A new report ranks Colorado near the bottom in the nation on state funding for preschool education.
Funding was just one of many issues found in the State of Preschool Report for 2007 conducted by the National Institute for Early Education Research.
Colorado ranked 36th out of 38 states for funding preschools. Colorado has only one state funded program. The Colorado Preschool and Kindergarten Program is available for at risk children only which means children with some kind of developmental problem. Developmental problems include low parental education levels, parental substance abuse, homelessness, participation in a foster care system, or a learning disability.
The amount the state spends per child is only $2,047 compared to the $3,600 national average. Funding is not the only issue found in the report. In total Colorado spent close to 29 million dollars on preschool in 2007.
A child's access to a preschool program is also a problem. According to the report only 15 percent of Colorado's at risk 4-year-olds are enrolled in a state funded preschool.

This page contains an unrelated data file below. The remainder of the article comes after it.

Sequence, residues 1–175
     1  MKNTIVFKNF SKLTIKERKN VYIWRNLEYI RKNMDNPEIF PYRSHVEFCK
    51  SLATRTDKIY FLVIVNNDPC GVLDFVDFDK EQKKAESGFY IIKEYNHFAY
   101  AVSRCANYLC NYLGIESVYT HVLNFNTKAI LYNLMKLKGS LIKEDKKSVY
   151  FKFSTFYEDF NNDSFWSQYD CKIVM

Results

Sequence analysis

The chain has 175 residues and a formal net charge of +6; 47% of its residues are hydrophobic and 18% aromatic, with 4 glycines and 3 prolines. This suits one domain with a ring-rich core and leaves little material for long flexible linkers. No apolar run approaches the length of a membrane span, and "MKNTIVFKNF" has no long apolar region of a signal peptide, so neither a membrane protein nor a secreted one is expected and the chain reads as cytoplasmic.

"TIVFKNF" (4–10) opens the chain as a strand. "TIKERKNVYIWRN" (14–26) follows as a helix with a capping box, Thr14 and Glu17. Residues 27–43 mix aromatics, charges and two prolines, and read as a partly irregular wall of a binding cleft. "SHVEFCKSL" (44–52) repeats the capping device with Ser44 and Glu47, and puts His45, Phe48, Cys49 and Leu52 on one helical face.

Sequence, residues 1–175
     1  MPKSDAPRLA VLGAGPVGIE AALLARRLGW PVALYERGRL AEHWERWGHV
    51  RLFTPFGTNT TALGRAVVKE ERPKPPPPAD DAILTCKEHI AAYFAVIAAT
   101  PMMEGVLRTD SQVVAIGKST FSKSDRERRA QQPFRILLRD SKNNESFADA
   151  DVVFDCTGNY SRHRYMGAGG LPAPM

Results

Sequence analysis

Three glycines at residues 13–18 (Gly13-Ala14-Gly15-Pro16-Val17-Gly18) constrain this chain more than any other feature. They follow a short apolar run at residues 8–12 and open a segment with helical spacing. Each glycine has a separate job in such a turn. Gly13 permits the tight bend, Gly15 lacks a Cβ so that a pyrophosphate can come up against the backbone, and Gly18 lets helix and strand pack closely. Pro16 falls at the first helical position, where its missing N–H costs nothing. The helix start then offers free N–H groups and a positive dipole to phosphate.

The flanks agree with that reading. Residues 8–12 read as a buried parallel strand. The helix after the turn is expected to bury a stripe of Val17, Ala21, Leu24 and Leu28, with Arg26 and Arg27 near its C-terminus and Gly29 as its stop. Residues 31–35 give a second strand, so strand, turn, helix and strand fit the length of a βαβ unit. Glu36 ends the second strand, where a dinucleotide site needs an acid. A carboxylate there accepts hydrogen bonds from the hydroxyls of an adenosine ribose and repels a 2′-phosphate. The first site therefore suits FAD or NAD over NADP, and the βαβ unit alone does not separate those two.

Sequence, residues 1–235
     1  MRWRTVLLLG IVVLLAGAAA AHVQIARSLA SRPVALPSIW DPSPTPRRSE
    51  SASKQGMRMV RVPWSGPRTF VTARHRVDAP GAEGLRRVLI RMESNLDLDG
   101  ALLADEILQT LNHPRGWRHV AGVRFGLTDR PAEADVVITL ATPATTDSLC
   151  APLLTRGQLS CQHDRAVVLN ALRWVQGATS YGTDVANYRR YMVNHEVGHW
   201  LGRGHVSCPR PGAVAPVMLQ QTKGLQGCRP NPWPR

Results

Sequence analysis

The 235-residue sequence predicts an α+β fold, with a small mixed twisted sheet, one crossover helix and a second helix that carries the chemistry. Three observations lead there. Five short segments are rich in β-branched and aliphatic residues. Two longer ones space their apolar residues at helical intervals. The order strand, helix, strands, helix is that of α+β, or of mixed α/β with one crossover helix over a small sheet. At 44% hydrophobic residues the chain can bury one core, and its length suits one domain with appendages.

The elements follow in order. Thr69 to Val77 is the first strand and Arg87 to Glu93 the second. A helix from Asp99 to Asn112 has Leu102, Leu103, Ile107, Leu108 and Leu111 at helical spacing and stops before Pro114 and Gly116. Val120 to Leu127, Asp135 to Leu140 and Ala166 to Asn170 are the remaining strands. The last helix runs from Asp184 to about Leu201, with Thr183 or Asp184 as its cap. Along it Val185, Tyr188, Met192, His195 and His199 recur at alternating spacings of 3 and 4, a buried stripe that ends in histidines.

National officials believe access is becoming a growing problem not just for at risk children. Steven Barnett of the National Institute for Early Education Research believes middle class families suffer the most. Barnett says, "Wealthy families can afford expensive, high quality Pre–K programs. The very poorest families have access to the federal head start program. Children in the middle get left behind and the nation as a whole loses out as well."
Middle class family's are affected by making too much money to qualify for assistance while not making enough to pay for private schooling which could cost as much as sending a child to college.
Colorado also only passed 5 out of 10 benchmarks set by the Institute. Colorado did not pass benchmarks for early learning standards, teacher degree, assistant teacher degree, screening referral and support services, and meals.